Too much knowledge is a depressing thing

In about a fortnight, I’ll have been drawing Jitterati for a decade.

When I started I didn’t think I’d still be drawing it ten years later, but then again I couldn’t have predicted writing a musical either. Capital Times is looking for a new editor – I haven’t even met the current one yet! Their Christmas party was cancelled, so I haven’t been in the office for a while. Hopefully the new editor won’t be a clean-sweep type of person – apparently cartoonists are vulnerable to being fired during regime changes because it’s an easy way for a new editor to make their mark.

The research I do for each episode of Jitterati is starting to take its toll on me. I don’t confer with Capital Times to find out what they’re writing about – it’s a coincidence each time I mention something which is on the same page, or on the cover. Because all the people who used to invite me out into the actual city are either having babies or have emigrated, I read a lot of newspapers and websites to gather information about what’s happening, which is depressing for two reasons:

1) It may not have escaped your notice that things are not going particularly well at the moment for most people. It’s an election year, and people are scared. When they’re scared, they lash out at others. The very rich and the very poor are both targets of hatred, but the poor are much more useful because they’re vulnerable and can be punished for their circumstances.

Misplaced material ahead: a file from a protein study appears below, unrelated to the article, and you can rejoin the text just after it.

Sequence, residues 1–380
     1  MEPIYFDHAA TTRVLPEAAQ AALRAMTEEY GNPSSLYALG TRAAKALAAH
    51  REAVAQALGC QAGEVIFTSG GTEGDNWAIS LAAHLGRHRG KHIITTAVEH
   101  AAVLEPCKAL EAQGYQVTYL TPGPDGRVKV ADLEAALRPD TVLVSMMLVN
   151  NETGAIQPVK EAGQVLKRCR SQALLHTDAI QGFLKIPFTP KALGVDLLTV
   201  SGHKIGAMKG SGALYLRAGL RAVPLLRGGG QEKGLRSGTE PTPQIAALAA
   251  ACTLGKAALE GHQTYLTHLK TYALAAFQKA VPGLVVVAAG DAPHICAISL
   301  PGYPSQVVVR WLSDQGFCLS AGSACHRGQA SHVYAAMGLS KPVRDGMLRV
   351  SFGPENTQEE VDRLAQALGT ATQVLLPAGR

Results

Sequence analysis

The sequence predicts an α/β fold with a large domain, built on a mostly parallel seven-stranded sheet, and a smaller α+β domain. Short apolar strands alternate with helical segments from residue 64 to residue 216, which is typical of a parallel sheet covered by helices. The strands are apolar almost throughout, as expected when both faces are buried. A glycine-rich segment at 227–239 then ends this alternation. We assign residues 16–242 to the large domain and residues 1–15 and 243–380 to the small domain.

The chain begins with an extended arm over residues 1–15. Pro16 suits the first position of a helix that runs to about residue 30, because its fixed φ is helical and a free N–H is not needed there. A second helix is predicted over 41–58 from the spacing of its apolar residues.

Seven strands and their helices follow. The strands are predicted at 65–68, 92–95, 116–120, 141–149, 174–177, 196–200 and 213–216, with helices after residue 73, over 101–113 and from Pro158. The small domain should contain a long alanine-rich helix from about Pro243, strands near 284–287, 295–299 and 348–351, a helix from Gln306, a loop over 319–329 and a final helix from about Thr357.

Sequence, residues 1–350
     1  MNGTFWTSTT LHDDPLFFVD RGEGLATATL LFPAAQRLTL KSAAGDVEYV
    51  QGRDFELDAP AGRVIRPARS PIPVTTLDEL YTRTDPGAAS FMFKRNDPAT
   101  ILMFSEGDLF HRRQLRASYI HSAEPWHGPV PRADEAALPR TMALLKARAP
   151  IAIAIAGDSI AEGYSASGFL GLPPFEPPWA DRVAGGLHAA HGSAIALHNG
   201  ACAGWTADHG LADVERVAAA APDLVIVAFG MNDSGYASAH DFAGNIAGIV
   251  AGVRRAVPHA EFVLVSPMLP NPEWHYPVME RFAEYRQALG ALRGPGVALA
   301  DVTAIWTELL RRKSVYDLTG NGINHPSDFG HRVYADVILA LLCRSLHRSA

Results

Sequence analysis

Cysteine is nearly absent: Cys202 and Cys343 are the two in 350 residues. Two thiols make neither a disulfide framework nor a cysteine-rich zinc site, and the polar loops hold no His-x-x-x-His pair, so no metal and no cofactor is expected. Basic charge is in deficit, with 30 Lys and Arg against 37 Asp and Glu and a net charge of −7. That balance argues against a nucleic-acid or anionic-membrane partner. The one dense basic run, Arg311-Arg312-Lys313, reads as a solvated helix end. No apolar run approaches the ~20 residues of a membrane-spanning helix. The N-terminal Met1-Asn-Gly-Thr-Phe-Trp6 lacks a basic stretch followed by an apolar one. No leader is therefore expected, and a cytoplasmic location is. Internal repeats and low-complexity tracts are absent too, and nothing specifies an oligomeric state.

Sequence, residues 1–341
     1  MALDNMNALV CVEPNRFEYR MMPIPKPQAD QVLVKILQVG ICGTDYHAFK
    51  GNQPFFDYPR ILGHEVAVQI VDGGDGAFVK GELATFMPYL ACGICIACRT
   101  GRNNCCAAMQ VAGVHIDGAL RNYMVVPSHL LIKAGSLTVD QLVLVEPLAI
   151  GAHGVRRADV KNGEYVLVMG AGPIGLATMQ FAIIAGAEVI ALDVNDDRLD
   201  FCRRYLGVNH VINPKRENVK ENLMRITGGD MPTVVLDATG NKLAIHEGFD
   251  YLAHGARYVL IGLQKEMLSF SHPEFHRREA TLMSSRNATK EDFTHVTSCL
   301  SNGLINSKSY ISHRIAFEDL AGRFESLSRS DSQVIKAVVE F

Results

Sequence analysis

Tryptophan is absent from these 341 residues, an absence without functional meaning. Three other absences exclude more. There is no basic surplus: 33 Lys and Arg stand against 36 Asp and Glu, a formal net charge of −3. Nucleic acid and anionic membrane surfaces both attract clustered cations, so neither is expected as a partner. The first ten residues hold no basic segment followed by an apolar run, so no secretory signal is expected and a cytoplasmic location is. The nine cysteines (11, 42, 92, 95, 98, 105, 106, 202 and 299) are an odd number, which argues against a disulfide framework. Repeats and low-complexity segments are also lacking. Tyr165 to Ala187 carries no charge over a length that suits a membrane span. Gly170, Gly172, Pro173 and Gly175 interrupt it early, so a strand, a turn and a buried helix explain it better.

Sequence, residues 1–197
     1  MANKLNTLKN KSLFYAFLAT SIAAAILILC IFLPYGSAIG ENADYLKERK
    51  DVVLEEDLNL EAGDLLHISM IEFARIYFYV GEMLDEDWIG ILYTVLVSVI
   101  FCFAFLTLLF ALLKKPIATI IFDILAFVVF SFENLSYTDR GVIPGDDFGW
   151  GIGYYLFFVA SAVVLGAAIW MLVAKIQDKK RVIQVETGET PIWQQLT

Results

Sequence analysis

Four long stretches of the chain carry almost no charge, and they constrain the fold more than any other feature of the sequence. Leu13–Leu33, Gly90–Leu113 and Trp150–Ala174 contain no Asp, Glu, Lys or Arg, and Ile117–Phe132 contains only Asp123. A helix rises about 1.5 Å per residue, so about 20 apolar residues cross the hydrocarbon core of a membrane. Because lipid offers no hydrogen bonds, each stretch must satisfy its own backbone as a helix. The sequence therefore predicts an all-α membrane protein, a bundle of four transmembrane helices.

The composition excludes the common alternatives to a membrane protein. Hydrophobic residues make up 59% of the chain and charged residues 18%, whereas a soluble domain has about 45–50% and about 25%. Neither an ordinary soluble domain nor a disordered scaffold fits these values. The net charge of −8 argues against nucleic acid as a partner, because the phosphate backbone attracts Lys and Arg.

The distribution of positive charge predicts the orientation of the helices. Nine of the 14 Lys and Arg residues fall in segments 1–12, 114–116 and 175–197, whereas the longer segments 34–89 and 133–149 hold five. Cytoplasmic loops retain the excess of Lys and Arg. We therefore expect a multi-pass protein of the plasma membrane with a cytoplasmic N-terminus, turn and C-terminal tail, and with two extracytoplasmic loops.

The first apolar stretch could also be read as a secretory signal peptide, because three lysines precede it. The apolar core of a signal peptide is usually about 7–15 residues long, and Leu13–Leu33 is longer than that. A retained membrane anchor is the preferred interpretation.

Expect there to be a lot more dole bludger stories in the paper this year, because attacking and dehumanising a voiceless sector of society is far easier than creating jobs, closing tax loops or reforming superannuation. What’s happening in the USA and Britain is a grotesque magnification of our local situation, and a reminder of how vicious so-called civilisation can get when we stop thinking of each other as human beings.

2) New Zealand journalism is not exactly going through a Golden Age right now. It’s rare to read an online article without obvious typos or misplaced apostrophes. All the journalists I know personally are intelligent people, but there’s not a lot of thinking or analysis going on in most writing. Articles from much better overseas papers and the AP and Reuters are reprinted or lightly re-written, press releases from people trying to sell you something are gratefully accepted as news, and no attempt is made to disguise bias or write dispassionately or with historical perspective.

What’s worse is the assumption that the average reader is some sort of thick bigot, with articles tailored accordingly. As newspaper circulations drop and advertising dollars dry up, bad decisions are made in desperation, and quality suffers.

Still, never mind, eh?


Comments are closed.

%d bloggers like this: